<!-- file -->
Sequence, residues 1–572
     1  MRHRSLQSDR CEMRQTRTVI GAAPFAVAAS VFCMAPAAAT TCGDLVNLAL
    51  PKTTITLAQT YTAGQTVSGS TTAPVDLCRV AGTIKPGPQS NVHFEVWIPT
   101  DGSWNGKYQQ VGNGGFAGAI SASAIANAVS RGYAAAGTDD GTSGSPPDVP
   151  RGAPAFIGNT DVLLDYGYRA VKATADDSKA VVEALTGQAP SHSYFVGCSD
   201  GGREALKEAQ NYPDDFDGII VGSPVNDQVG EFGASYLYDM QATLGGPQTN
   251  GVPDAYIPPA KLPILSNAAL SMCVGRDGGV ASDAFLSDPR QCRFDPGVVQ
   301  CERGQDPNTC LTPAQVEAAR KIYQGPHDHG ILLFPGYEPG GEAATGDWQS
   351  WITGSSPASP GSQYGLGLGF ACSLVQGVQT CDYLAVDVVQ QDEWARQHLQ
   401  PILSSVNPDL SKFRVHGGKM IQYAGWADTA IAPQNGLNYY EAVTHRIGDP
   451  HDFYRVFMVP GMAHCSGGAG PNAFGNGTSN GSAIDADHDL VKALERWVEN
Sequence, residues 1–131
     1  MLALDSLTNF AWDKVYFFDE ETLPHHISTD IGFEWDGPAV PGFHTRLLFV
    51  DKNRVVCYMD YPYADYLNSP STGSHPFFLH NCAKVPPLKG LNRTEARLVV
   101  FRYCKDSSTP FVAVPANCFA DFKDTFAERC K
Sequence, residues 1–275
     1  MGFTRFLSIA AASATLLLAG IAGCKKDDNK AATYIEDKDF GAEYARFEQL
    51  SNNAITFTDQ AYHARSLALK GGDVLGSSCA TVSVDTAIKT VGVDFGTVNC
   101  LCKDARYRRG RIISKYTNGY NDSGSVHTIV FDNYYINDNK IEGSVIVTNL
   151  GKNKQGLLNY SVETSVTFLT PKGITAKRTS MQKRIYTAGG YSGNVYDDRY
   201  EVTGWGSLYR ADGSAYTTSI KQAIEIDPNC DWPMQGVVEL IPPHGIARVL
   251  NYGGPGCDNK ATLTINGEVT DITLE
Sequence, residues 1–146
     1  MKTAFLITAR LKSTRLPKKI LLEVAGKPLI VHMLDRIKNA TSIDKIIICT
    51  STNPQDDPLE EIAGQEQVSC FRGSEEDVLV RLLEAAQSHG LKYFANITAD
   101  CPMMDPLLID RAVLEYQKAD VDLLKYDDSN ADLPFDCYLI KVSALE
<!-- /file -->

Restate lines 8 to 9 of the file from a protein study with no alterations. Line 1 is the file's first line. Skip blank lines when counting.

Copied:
   301  CERGQDPNTC LTPAQVEAAR KIYQGPHDHG ILLFPGYEPG GEAATGDWQS
   351  WITGSSPASP GSQYGLGLGF ACSLVQGVQT CDYLAVDVVQ QDEWARQHLQ